Intersex is the general term in use for a variety of conditions wherein an individual is born with reproductive organs or sexual anatomies that don’t fit into the typical norms of female and male. For example, a person might be born appearing to be female to the general public. However, the same female has typically male organs on the inside.
Or, a person is born with genitals that seem to be an in-between the usual male and female types. For example, a girl could be born with a noticeably larger clitoris or perhaps the lack thereof a vaginal opening. A boy could be born with a much smaller penis or his scrotum dividing to look more like labia.
Even further, a person could be born with a mosaic of genetics. In such a case, individuals’ cells have both the existence of XX chromosomes as well as XY.
However, although an inborn condition, it may not take into effect until puberty or until one finds out they are an infertile adult. There are also chances where the person is proven as intersex when an autopsy report is shown. In such cases, the individual and those around them spend their whole lives completely oblivious to the true nature.
How do you classify someone as intersex then?
It’s simple, you can’t. Male and female categories are not exceptionally defined. This causes the in-betweens to not have a definition either.
Nature is broad with a huge spectrum of sex. Breasts, penises, clitorises, scrotums, labia, gonads etc are all existing currently in multiple forms and shapes. The sex chromosomes can vary a bit too. We as humans have classified sex: male, female and sometimes intersex. It makes things easier and helps us express clearly what we know and feel.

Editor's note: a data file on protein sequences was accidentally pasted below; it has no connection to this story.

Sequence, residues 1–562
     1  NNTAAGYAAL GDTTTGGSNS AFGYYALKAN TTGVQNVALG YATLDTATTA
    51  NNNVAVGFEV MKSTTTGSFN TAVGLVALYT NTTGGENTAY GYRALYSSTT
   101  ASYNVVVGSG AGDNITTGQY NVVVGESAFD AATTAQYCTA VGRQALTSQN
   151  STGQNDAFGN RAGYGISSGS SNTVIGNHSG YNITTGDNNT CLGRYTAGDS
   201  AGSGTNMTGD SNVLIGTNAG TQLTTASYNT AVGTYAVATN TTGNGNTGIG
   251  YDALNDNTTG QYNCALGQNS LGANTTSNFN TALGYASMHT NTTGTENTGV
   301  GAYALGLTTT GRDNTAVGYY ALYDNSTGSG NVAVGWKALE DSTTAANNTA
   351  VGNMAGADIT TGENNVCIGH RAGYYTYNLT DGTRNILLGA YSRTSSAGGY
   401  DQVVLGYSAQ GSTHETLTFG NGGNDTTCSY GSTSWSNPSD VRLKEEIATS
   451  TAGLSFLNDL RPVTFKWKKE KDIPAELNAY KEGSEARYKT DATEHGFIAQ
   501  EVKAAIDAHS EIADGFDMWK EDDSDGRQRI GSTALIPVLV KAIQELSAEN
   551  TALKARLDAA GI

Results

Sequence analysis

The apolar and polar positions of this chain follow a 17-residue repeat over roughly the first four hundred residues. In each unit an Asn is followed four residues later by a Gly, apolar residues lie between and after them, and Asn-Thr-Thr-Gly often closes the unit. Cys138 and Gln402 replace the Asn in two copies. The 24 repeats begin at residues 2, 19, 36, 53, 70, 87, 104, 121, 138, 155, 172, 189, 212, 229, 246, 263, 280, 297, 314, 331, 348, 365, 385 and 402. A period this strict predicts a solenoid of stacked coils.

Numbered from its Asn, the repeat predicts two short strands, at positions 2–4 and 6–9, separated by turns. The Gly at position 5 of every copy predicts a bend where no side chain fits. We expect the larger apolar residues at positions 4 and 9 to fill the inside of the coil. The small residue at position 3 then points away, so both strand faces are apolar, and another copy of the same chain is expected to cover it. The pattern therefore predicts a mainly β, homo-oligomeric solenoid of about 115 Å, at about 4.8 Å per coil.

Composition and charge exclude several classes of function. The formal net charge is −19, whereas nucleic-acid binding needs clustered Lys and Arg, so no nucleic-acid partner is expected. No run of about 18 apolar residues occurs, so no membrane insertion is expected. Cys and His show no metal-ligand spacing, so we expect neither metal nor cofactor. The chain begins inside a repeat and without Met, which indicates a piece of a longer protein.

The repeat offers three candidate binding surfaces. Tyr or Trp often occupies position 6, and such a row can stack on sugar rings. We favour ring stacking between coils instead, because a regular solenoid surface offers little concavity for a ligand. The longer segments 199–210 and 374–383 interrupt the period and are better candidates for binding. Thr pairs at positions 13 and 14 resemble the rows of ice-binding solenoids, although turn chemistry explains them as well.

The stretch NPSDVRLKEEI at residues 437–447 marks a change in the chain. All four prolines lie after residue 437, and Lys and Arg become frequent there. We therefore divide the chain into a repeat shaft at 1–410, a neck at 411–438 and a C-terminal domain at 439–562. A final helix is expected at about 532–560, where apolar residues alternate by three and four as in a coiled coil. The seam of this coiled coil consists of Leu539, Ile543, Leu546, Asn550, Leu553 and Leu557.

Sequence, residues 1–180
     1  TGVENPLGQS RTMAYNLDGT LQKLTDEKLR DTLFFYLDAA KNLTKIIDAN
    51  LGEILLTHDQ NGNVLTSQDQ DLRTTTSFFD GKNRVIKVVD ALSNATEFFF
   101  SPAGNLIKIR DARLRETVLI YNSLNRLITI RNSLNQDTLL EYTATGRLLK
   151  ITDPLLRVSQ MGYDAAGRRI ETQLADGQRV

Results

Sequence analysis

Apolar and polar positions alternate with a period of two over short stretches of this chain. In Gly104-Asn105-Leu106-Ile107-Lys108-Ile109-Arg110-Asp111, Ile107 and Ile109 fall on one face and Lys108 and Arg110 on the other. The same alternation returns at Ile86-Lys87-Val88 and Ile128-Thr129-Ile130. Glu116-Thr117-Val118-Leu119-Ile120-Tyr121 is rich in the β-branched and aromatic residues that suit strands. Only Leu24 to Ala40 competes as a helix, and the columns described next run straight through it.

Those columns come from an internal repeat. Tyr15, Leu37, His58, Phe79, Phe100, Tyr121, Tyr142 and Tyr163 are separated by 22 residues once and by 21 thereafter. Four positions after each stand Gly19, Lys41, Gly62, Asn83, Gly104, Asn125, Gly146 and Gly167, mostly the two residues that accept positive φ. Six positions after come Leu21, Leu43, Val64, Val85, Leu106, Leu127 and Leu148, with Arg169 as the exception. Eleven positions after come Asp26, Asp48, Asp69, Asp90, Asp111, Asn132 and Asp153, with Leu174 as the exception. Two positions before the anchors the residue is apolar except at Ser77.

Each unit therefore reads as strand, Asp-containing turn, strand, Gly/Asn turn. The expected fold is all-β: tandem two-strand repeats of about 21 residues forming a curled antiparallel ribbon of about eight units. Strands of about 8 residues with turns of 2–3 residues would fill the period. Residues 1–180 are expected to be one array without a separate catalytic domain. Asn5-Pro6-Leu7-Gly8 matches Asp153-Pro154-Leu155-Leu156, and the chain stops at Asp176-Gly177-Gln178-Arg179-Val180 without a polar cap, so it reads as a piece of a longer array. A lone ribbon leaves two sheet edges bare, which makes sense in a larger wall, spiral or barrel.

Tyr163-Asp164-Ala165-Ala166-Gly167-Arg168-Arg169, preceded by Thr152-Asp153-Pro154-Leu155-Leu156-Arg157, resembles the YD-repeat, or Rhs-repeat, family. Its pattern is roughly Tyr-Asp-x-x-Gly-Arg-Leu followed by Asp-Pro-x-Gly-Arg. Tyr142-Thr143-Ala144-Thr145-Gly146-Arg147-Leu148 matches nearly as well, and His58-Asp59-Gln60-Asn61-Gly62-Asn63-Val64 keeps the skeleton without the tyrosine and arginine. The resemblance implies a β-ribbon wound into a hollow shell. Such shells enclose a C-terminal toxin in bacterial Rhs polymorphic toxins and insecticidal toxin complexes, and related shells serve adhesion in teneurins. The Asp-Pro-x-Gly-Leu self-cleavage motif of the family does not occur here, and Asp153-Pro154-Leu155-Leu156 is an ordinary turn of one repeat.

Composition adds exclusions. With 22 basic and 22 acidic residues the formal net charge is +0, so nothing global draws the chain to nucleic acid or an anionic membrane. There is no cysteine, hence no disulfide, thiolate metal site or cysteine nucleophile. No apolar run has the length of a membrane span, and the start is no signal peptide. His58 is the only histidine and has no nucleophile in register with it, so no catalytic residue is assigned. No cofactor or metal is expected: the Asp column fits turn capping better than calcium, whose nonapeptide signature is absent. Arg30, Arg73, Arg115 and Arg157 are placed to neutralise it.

That being said, it is not nature that decides when “male” ends and “intersex” begins or when “intersex” ends and female begins. Humans decide such things.
Moreso, even within humans we have variations in classification. Some doctors believe that one have ambiguous genitalia to be considered intersex, regardless of if your inside is of another sex and the outside of another. Other doctors believe the existence of hormones in the brain is what makes you intersex. Some more think that one has to be born with both ovarian and testicular tissue to be considered intersex.
Intersex people were previously referred to as hermaphrodites or “congenital eunuchs”. Many ancient and pre-modern cultures thought to know of the existence of intersex people. Research is ongoing on whether they were socially tolerating or accepting by a particular culture.
Such people were given rights based on what was their strongest gender. If you were more strongly a male, your rights were like the normal male. Likewise, for the female.
During the Victorian Era, there came an introduction on the terms “true hermaphrodite” for a person who has both ovarian and testicular tissue. “Male pseudo-hermaphrodite” – the term is given to someone if there was an existence of testicular tissue but female/ ambiguous anatomy. Likewise, “Female pseudo-hermaphrodite” if there was an existence of ovarian tissue but with male/ ambiguous anatomy.
The term is no longer in usage as it is misleading and stigmatizing.
Richard Goldschmidt was the first to coin the term “intersexuality” in 1917. Soon after, in the 1940s, Cawadias was the first to suggest the replacement of the term ‘hermaphrodite’ with ‘intersex’.
Since the rise of modern medical science, some intersex people with ambiguous external genitalia have had their genitalia surgically modified to resemble either female or male genitals.
In April 2015, Malta became the first country to outlaw non-consensual medical interventions to modify sex anatomy, including that of intersex people
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